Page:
How many decisions do you make for yourself?

That’s not a title by the way, it’s a genuine question — I’m interested.

I’ve been writing a one-line diary for a few years, and every now and again I come across an — often tear-stained — entry from  a previous year which says something like “I’m not sure if I’m making any decisions for myself” or “I don’t feel like I’m ever doing things because I want to do them”.

It’s always jarring to read those words in my own handwriting. I don’t really want to live a life where I’m not making my own decisions or doing things I want to do. But most of the time I don’t think about things like that, I just get on with it — and I guess that’s the point. Reading those entries can cause me to get lost in a spiral of questions about how many of my decisions are made unconsciously, and realisations of how much of my life is lived on autopilot.  

I think that’s the reason there has been an explosion in mindfulness apps and books in the past few years. A lot of people are feeling those things and asking those questions, so taking a few minutes to turn autopilot off and check in with ourselves feels precious and important — and it is. But I think having an autopilot is precious and important, too.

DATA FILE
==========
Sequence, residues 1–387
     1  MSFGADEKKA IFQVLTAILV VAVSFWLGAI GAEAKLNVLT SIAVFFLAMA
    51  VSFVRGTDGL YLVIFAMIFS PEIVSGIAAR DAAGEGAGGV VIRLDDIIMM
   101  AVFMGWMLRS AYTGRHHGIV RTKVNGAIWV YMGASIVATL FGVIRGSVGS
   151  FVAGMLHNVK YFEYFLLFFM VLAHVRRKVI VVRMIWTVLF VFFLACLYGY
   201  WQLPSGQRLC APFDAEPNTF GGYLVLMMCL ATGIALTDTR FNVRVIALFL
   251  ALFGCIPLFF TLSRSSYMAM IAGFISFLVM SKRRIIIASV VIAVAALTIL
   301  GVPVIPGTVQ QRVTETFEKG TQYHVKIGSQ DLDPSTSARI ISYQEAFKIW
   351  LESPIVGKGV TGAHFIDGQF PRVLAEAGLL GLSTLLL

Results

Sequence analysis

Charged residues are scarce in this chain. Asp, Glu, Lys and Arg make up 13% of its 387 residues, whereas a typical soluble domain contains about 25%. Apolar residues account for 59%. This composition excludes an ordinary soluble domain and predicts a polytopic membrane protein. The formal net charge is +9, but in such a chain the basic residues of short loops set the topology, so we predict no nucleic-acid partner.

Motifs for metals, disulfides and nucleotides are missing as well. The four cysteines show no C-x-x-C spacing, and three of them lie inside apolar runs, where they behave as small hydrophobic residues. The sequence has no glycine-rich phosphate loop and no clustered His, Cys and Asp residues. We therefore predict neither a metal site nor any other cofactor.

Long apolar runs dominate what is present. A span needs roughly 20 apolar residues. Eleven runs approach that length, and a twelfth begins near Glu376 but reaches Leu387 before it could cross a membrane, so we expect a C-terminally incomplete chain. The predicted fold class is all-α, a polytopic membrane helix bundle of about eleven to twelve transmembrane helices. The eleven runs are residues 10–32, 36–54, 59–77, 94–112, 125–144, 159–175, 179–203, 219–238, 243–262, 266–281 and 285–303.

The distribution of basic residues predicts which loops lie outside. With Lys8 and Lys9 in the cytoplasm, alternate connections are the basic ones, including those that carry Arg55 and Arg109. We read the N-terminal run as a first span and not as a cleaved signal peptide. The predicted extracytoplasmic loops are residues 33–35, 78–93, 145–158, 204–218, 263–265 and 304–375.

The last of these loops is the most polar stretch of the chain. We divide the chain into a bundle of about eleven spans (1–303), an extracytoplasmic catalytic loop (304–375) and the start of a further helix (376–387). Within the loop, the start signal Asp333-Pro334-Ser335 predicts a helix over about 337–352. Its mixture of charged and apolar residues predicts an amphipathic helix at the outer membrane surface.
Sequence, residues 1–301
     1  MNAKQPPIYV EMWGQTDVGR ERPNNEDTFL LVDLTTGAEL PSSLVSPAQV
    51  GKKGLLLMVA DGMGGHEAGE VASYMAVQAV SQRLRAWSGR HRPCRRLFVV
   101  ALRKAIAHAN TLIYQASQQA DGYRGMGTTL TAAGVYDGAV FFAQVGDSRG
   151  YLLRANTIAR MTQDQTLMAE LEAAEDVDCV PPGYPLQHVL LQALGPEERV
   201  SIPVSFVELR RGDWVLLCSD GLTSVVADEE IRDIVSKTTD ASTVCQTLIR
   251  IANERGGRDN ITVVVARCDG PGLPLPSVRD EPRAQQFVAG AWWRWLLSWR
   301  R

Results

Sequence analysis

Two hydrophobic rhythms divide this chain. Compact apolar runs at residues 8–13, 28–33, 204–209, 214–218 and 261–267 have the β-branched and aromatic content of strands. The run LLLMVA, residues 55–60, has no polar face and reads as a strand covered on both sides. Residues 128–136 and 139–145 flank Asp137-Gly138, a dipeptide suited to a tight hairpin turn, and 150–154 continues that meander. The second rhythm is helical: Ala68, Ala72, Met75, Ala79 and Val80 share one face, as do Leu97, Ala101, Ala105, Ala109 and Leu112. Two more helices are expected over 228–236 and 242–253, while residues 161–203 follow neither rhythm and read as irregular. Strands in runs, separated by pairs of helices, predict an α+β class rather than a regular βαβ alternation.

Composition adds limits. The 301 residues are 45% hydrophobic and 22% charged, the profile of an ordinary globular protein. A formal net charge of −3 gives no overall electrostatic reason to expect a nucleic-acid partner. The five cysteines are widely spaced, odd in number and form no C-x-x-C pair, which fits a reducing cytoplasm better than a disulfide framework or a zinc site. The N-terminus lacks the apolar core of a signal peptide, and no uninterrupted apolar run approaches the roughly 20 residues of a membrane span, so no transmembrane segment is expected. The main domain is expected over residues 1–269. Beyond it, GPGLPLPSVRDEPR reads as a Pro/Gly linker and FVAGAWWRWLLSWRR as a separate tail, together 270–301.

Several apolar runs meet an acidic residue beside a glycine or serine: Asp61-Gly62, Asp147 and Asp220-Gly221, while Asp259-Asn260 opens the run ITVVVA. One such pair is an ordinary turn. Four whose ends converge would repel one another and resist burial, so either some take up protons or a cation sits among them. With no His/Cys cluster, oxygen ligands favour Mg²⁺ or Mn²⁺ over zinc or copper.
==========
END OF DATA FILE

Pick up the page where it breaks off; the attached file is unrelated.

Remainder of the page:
More often than I find diary entries which question if I’m doing things for myself, I find entries that say “I need to trust myself more” or “I need to follow my gut” — and that’s exactly what making decisions on autopilot is. We’ve been crafting and honing our intuition from the moment we were born. Every tiny experience we have is logged, and each time we’re faced with a new choice our brain accesses and processes those previous experiences instinctively, at an imperceptible rate. Our intuition allows us to make decisions without conscious thought.

Every new experience strengthens our intuition, and every time we trust our gut we trust ourselves. I’d like to say I’m going to trust my gut more and question myself less, but I’m not sure I’ll be able to. At the very least though, I’m going to try to feel safe in the knowledge that: “At any moment, you are exactly where you want to be, for better or worse.” — James Altucher

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